He said there haven't been many high-water years since the slide.
"This year will be different and hopefully we'll come out of this runoff season with a sense of comfort that we have a stabilized area up there," Martsolf said.
Once this runoff season is over, a technical coordination group will be able to regroup and decide how to move forward regarding the landslide, evaluating whether the county needs to continue with its monitoring of the slide.
"We knew when this happened we would be living with this on a frequent basis for a number of years," Martsolf said.
Cameras and motion sensors are in place in the slide area. Martsolf said that over the years, the motion sensors have detected vertical movement from landslide settling, but horizontal movement has been limited to fractions of inches.
He said it takes a lot of work to maintain the equipment. Not helping matters has been interest from bears that are attracted to it and cause damage. Martsolf said one theory is that they are drawn to coolers that hold solar-charged batteries, having learned to associate coolers with food.
"That's just the theory," he said.
The rugged coolers withstand the bears' interest well, but other equipment suffers incidental damage.
Rex Cole, a geology professor at Colorado Mesa University, said the landslide has stabilized over the years, mainly through compaction. He's struck by how different the surface has begun to look in just five years. West Elk Creek has re-established itself. Large blocks of weak Green River formation rock already have disintegrated into piles of rubble. While Martsolf considers the revegetation there to be sparse to date, Cole has been impressed by what regrowth he sees.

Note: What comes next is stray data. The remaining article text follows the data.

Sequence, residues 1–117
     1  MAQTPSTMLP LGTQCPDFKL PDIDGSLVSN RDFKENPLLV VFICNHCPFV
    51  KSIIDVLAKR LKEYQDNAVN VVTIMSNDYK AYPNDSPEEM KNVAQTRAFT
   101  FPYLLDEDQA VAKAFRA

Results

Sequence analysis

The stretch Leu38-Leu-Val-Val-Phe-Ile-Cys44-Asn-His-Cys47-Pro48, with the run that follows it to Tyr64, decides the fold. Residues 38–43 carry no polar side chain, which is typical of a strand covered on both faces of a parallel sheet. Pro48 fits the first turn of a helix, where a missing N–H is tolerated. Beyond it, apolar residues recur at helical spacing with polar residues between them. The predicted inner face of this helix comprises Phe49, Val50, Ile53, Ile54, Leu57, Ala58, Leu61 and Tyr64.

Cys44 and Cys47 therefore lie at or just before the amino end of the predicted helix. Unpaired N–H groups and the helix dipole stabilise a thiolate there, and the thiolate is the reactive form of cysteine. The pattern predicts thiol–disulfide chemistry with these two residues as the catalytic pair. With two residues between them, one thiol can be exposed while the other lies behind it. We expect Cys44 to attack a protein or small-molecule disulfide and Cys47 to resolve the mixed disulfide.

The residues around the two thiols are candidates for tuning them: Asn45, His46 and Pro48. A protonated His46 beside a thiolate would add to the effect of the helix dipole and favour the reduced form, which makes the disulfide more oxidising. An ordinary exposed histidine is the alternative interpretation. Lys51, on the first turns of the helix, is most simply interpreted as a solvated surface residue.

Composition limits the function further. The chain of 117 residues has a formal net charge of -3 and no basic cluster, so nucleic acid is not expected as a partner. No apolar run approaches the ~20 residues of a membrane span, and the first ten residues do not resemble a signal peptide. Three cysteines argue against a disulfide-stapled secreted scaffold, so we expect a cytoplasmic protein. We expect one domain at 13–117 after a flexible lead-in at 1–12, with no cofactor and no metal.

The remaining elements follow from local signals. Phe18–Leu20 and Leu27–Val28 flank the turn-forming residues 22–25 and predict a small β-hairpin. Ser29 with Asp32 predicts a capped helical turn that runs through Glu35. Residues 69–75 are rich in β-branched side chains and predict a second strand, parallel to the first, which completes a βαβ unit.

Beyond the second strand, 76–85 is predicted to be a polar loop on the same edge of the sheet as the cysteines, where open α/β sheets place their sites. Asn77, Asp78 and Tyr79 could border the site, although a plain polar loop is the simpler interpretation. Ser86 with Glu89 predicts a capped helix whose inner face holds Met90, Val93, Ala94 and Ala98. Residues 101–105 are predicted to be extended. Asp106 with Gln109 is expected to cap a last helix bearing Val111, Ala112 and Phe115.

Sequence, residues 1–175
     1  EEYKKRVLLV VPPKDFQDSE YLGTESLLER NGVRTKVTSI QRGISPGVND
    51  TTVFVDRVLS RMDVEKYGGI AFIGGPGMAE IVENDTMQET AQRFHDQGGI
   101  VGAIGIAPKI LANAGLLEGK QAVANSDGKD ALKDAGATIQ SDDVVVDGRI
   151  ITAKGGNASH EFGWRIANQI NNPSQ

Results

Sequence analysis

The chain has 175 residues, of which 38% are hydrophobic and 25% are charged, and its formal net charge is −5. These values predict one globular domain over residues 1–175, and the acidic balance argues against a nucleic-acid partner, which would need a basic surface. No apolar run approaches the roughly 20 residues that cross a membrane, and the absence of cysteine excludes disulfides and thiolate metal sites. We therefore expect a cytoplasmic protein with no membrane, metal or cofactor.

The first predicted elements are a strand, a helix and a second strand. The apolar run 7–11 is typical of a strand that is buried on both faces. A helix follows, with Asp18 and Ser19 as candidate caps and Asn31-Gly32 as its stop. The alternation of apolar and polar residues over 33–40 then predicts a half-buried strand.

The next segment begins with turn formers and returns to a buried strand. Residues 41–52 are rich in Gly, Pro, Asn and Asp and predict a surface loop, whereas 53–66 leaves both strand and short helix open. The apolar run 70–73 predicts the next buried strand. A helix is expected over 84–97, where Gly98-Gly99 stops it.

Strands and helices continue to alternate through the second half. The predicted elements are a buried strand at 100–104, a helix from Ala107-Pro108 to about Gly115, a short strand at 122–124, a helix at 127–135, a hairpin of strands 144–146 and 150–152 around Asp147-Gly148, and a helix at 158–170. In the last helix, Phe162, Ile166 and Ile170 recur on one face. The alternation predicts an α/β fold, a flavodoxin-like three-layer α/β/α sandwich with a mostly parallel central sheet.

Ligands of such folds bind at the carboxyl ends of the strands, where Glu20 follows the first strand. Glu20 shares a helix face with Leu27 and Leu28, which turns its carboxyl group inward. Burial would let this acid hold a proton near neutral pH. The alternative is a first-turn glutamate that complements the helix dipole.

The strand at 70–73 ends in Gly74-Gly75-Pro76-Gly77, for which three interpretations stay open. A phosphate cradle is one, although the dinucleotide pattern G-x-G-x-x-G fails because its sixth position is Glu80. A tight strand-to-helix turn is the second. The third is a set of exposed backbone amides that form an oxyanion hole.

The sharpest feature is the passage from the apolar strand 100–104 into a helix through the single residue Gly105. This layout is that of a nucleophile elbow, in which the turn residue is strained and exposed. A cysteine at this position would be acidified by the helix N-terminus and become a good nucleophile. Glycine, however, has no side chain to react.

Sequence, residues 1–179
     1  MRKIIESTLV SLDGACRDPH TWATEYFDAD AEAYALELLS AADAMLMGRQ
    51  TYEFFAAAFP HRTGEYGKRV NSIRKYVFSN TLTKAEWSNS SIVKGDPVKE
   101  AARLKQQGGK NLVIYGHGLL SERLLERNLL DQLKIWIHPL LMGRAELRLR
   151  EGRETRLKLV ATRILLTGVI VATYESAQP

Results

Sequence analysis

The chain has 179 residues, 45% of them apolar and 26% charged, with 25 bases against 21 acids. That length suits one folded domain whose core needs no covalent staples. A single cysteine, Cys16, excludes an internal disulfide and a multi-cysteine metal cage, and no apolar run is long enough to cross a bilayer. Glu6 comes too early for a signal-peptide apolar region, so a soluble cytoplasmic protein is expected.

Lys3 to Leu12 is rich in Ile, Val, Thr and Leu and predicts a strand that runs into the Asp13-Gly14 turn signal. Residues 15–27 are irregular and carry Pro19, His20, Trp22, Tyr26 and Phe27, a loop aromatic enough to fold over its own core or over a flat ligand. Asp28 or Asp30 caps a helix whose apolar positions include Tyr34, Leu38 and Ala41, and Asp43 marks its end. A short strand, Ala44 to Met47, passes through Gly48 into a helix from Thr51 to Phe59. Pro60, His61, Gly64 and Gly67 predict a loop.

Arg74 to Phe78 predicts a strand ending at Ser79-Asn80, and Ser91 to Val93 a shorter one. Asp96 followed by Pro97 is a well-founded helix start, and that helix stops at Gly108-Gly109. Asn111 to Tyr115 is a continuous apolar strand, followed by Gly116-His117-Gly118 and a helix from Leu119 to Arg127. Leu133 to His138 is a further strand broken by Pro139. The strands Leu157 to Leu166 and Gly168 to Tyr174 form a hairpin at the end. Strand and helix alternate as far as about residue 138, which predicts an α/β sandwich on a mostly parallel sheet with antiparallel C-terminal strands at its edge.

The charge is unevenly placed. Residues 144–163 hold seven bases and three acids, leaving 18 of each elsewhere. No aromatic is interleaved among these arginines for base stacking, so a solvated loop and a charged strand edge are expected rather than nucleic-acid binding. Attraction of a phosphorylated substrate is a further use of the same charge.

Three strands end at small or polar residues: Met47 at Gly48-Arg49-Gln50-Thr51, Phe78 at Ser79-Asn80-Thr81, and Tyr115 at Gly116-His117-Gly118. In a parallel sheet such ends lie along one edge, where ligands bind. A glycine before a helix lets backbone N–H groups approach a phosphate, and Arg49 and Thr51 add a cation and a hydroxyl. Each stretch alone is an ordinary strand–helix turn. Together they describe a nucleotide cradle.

A researcher interested in devoting the next 30 years of their career to the slide "could make quite a bit of an interesting study from the biological part of the story," Cole said.
Cole's own interest in the story is the amazing in-our-lifetime chapter the slide has added to the long geological history of landslides that have helped make Grand Mesa what it is today.
"Geologically it's very active, but we (geologists) think of things in tens and hundreds of thousands of years rather than human lifetimes," he said.
Even the West Salt Creek Valley has previously slid at some point in prehistoric times.
Such slides will continue to occur at various scales on Grand Mesa, which to Cole makes efforts to continue to geologically map the region and identify hazard areas important.
Cole notes that the kind of geological "mass wasting" that helped shape Grand Mesa through downslope movement of rock, soil and vegetation can be too slow to be detectable in a human lifetime, or instantaneous, as in the 2014 landslide and in rockfall incidents in De Beque and Glenwood canyons.
Pain of loss
While the West Salt Creek slide was astonishing from a geological standpoint, it also remains a story of unfathomable tragedy. Mary Lane was reluctant to discuss the anniversary of the deaths of her brother and Danny Nichols and Wes Hawkins in any detail because the topic is such a difficult one.
Clancy was a Mesa County road and bridge employee, as was Lane's ex-husband, who was checking the bridge that collapsed 35 years ago. His body wasn't found for six weeks.
"Clancy was instrumental in looking for Mike when he was missing," Lane said.
The remains of the landslide victims have never been found.
Lane said such losses don't become easier to bear over the years.
"Thirty-five years later it's still hard, so it's not easier after five," she said.
But she added, "You just honor them and know that they would want you to go on living. They would want you to enjoy life and live life."